Patrick Duffy, Colliers

January 22, 2020 Comments Off on Houston’s Economics & CRE: Q&A with Colliers International’s Pat Duffy Views: 922 Texas - Other, Texas News

Houston’s Economics & CRE: Q&A with Colliers International’s Pat Duffy

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Topics at the upcoming Connect Houston conference will include predictions for commercial real estate and the area economy. Patrick Duffy, President of the Houston office of Colliers International, shared some pre-conference CRE and economic insights with Connect Media.

Q. What are some of the standout real estate trends you noticed in 2019?
A. The industrial commercial real estate is the new retail trend accelerated – last mile delivery and distribution for Amazon and the big box retailers. Clear heights for industrial continue to go up, with more cubic space per square foot. The tight labor market has pushed companies to move to more quality and amenity-rich office projects, preferably mixed use with walkable restaurant and hotel venues. The concept of creating a “place” to work rather than just a “space” to work is now the preference of the development community and the more profitable users.

Big box retail has continued its slow erosion as retailers mix on-line with bricks-and-mortar, and need less square footage to satisfy their customer. The department-store concept is getting weaker every year, as many of their products can easily be purchased more conveniently on line with limited risk – for example, shoes and accessories.

Q. What seems to be the CRE product “flavor” when it comes to investors/owners/occupiers?
A. Investors are hungry for industrial product – same reason as above – generally low-vacancy, high-demand product with limited downside. Not much product available, so the yield curve is being compressed on newer product. Older, somewhat functionally-obsolete product is selling to speculators who see the purchase as a cash-flowing land play, with the anticipation of redevelopment or repurpose at some point in the future.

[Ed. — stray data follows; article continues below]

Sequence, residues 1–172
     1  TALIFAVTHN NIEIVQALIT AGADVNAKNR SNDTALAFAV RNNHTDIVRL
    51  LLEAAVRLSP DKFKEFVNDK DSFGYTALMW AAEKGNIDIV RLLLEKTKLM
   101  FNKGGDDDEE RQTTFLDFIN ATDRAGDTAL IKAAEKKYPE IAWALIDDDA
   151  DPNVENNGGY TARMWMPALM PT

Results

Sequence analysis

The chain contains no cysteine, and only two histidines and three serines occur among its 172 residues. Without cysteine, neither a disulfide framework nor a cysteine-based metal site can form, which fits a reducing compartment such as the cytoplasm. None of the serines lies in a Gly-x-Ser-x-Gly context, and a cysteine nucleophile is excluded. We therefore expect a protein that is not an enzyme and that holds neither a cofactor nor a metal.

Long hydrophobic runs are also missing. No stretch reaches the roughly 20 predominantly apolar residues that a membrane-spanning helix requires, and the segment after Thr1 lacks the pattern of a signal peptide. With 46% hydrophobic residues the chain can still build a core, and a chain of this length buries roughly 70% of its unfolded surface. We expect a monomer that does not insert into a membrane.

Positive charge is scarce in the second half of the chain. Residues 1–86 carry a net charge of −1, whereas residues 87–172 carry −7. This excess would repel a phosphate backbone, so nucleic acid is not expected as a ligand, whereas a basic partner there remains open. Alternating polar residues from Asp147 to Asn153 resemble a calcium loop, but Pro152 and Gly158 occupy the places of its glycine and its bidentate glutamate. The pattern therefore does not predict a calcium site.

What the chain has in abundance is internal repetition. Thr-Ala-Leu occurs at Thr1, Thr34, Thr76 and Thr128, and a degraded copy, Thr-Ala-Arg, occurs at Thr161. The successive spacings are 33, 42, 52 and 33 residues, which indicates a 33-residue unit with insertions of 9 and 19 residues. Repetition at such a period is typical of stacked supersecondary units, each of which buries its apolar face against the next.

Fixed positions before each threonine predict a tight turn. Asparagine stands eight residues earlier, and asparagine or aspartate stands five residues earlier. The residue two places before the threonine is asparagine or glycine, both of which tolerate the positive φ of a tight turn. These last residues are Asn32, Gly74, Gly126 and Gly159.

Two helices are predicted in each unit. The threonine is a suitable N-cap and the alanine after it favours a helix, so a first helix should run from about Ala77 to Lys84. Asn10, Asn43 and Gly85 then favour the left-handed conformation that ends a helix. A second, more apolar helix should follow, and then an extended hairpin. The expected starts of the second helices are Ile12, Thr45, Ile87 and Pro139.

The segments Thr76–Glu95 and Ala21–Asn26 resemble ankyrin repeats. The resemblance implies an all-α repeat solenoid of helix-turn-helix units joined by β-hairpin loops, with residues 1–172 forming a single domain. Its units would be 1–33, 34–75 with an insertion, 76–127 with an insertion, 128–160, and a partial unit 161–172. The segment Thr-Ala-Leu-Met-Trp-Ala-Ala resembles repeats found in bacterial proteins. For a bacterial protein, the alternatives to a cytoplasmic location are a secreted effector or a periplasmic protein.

Multifamily is still the sweet spot for many investors. Cap rates are very low for quality product. In many markets, the C and B asset classes are attracting entrepreneurs who upgrade the Cs to Bs, and bring the Bs to B-pluses to tap into the lack of affordable workforce housing. You don’t build a Class B, and there is a demand for units in the more affordable rent range.

In Houston, the office investment market is difficult because of high vacancy, and the action is somewhat limited to newer projects that are institutional Class A++ assets. The value add, high-vacancy, pre-2000 construction is very quiet.

Q. What impact will oil and gas have on real estate in 2020?
A. The oil and gas sector in Houston is in contraction – especially among upstream and midstream companies. The expectation is that they will (net) shed jobs this year as they probably did in 2019 – the final numbers are not in yet. The average salaries for upstream and midstream oil and gas companies are in excess of $120,000, on average. The average salaries for every other industry in Houston are about $60,000. We are expecting a net gain of jobs in 2020, but will trade those $100,000-plus jobs for sub-$60,000 jobs. This means the supply of people capable of affording top end restaurants, apartments, condos, single family homes, cars and boats is shrinking.
Much of the manufacturing in Houston is energy-related, and there will be a pullback in that sector, as well. Energy has long been a big driver for growth in Houston; for the next five to seven years, the expectation is that it will be neutral, at best. The good news is that healthcare and other sectors that are the normal drivers in most other markets are strong here, and energy is a smaller piece of the overall pie.

Connect Houston will take place Feb. 4 in Houston. For more information, or to register, click here.

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